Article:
Athletic Trainer Career

By | July 14, 2023
Athletic Trainer Career
Your quest to get into the athletic trainer career starts from obtaining a Bachelor’s degree in fields such as Exercise Science, Kinesiology, and Biology.

This post provides detailed information on the athletic trainer career, including how to become an athletic trainer, the various opportunities you can explore, and the challenges and benefits of the career.

Please, read on:

Athletic Trainer Career Opportunities

Here are career opportunities you can explore with athletic trainer background:

  1. Supervising Athletic Trainer 

A supervising athletic trainer is a lead trainer who directs the activities of three or more other trainers or a team of athletic trainers.

They are responsible for supervising, training, and evaluating their staff.

Supervising athletic trainers are also responsible for making assignments, determining competency levels, and providing direction for all clientele.

They examine progress reports to determine how the assignment was achieved.

2. Athletic Training Service Manager

The athletic training service manager is responsible for keeping all the work force up to date with state of the art knowledge.

It is also their responsibility to make both personal and professional decisions regarding their position.

3. Athletic Training Director 

The athletic training director is responsible for directing a team of athletic trainers in order to provide the best services possible.

It is also their duty to lead their staff in the creation of a personalized development plan for each patient or client.

4. Athletic Trainer Coordinator 

An athletic trainer coordinator acts as a liaison between his or her assigned staff members and the rest of the health care team, including physicians, physical therapists and dietitians.

Coordinators are responsible for managing the daily operations of an athletic training facility.

5. Athletic Trainer Manager 

The athletic trainer manager is responsible for supervising and coordinating all activities associated with the operation of an athletic training department.

6. Director of Rehabilitation Therapy Services

The director of rehabilitation therapy services is responsible for managing and developing the staff and activities of a rehabilitation department.

He or she acts as a liaison between his or her staff and other hospital departments, including other medical staff members and physicians.

More Athletic Trainer Career Opportunities

7. Rehabilitation Therapist Assistant 

Rehabilitation therapist assistants are responsible for providing therapeutic services to patients who have undergone surgery, physical trauma or disability.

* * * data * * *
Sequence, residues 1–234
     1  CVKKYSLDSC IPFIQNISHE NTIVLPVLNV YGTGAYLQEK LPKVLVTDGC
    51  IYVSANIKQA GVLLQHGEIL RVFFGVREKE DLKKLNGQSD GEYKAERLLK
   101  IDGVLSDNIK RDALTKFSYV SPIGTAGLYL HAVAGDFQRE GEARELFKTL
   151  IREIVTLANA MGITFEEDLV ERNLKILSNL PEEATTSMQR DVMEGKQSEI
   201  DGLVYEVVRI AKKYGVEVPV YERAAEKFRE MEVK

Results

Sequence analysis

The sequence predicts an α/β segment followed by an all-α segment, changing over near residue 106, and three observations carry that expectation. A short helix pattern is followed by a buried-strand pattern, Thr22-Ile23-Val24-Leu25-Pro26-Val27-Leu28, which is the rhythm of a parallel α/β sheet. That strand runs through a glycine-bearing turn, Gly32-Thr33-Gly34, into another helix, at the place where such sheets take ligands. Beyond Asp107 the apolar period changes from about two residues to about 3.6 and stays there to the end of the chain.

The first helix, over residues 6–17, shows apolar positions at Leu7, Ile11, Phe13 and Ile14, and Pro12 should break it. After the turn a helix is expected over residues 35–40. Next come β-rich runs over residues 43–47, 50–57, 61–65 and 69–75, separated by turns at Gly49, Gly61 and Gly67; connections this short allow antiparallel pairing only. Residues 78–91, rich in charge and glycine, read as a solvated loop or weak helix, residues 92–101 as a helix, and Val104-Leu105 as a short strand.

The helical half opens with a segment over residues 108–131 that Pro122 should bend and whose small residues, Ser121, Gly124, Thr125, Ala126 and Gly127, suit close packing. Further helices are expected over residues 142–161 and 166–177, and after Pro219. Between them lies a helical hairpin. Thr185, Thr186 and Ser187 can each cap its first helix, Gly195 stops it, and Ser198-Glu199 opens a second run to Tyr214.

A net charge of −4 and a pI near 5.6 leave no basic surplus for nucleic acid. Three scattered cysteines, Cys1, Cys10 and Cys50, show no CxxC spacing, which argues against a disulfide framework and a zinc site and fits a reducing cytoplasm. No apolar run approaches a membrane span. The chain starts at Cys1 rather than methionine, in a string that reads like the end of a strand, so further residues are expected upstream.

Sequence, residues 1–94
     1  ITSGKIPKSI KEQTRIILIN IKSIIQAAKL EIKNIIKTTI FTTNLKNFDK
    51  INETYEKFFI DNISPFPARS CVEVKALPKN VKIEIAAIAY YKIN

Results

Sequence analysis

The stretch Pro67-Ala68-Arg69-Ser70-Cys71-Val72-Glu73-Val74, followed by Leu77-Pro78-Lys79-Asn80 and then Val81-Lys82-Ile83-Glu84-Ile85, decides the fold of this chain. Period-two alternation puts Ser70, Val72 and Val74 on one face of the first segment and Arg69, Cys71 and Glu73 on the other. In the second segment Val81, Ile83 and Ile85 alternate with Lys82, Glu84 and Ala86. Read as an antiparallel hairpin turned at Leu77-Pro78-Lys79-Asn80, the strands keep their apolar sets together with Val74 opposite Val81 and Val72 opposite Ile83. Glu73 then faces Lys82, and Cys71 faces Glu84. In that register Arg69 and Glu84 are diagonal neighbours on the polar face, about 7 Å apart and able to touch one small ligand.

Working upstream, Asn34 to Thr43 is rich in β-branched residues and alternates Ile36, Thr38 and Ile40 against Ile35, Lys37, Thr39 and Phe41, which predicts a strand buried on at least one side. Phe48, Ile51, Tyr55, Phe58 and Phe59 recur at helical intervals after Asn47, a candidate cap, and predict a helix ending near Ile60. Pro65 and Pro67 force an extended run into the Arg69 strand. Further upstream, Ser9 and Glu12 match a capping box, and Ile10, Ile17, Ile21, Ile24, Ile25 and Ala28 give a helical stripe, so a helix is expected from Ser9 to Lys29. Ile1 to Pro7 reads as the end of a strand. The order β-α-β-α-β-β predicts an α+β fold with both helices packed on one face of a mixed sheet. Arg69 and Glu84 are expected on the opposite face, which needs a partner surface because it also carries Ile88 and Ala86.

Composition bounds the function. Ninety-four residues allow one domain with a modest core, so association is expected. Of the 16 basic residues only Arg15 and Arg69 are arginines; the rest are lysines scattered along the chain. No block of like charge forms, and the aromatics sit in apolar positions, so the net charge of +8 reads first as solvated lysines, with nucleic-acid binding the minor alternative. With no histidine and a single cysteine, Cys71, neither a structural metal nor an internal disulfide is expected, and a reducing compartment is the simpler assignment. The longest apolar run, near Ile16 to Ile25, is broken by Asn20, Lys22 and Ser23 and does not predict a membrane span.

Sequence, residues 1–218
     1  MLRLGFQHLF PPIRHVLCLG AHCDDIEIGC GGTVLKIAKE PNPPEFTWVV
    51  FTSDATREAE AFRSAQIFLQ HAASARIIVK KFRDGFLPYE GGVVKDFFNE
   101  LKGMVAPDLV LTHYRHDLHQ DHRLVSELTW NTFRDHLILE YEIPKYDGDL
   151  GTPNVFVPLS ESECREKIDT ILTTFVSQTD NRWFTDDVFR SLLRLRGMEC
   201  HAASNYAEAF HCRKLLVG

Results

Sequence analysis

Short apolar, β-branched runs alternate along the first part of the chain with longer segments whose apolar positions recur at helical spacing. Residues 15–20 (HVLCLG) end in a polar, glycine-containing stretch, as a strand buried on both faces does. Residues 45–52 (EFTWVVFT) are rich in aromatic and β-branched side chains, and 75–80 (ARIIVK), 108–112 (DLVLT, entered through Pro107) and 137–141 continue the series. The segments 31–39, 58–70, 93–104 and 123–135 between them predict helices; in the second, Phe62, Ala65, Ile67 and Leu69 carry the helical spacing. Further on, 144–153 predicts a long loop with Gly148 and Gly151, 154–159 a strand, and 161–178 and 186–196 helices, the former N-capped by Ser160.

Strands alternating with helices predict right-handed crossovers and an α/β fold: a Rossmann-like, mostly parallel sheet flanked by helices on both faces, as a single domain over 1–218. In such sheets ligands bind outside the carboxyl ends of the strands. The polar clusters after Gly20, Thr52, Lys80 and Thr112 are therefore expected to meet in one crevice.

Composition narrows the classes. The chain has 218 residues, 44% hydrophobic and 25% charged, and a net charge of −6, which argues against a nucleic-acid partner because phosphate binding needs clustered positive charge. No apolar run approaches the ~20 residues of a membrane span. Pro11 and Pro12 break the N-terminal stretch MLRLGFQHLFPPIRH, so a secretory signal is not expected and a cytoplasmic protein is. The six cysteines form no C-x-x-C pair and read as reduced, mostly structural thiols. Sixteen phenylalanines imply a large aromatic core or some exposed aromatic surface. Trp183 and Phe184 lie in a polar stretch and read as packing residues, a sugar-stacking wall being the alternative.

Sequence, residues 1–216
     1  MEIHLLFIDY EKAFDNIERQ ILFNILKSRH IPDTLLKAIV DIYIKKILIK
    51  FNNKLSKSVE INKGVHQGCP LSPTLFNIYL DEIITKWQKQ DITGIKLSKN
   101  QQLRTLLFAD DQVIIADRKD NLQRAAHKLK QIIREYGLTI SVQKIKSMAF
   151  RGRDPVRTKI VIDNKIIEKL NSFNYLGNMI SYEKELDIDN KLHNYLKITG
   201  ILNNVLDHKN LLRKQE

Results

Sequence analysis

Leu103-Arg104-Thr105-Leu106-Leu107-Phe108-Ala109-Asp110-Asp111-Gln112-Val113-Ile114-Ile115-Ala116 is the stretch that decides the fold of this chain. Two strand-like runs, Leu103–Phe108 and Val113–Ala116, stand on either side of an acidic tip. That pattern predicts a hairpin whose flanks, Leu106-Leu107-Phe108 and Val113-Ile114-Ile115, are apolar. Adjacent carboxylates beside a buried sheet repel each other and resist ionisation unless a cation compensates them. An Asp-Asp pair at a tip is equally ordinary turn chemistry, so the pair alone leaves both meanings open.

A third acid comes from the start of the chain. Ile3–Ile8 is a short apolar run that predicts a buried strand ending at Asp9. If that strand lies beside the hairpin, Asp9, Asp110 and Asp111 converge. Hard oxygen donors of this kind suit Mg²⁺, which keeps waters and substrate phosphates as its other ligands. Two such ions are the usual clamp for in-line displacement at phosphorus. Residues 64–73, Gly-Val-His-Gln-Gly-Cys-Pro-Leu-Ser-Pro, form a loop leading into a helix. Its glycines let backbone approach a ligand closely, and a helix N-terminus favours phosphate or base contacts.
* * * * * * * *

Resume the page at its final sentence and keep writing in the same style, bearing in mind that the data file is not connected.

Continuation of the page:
They work under the direction of a physician to help restore function or mobility.

8. Physical Therapist Assistant 

A physical therapist assistant is a licensed professional who provides physical therapy to patients under the direct supervision of a physician.

He or she may develop and implement rehabilitation plans for patients.

Physical therapist assistants may also work on specific body parts and use therapeutic exercises to improve mobility and speed recovery time for a patient.

9. Physician Recruiter 

Physician recruiters are employed to acquire medical professionals who are needed within their facility, including physicians, nurses, and other allied health professionals.

They are responsible for training and guiding individuals who will be directly responsible for the care of patients.

10. Physician Assistant 

A physician assistant is a licensed professional who provides medical treatment to patients under the supervision of a physician.

He or she may diagnose illnesses, prescribe medications and procedures, perform minor surgeries, treat wounds, and provide physical therapy.

Challenges Faced by Athletic trainer on the Job

Athletic trainers face certain challenges in the performance of their job duties, these include:

  1. Long hours

Athletic trainers work long hours at their job, especially when they are supervising more than one athlete.

They are expected to be on call for any injury that may occur during their shift, which is known as a “call.”

They also have to be on the premises of the facility most of the time (such as before and after regular work hours, while they are working and while they are on vacation).

This is to monitor activities in the facility and provide care to any athlete or patient.

2. Endless injuries

As athletic trainers deal with endless injuries, they are commonly required to attend to many calls during their shift.

They have to manage patients and provide care for these injuries in order to make sure athletes live up to the expectations of their coaches or trainers.

3. Disapproval from parents/coaches

Many parents and coaches of athletes think that athletic trainers are not qualified enough to perform the tasks they need.

These include helping with symptoms of pain, treating sprains and strains, lessening effects of injury, and ensuring that athletes get well and recover quickly.

How to become an Athletic Trainer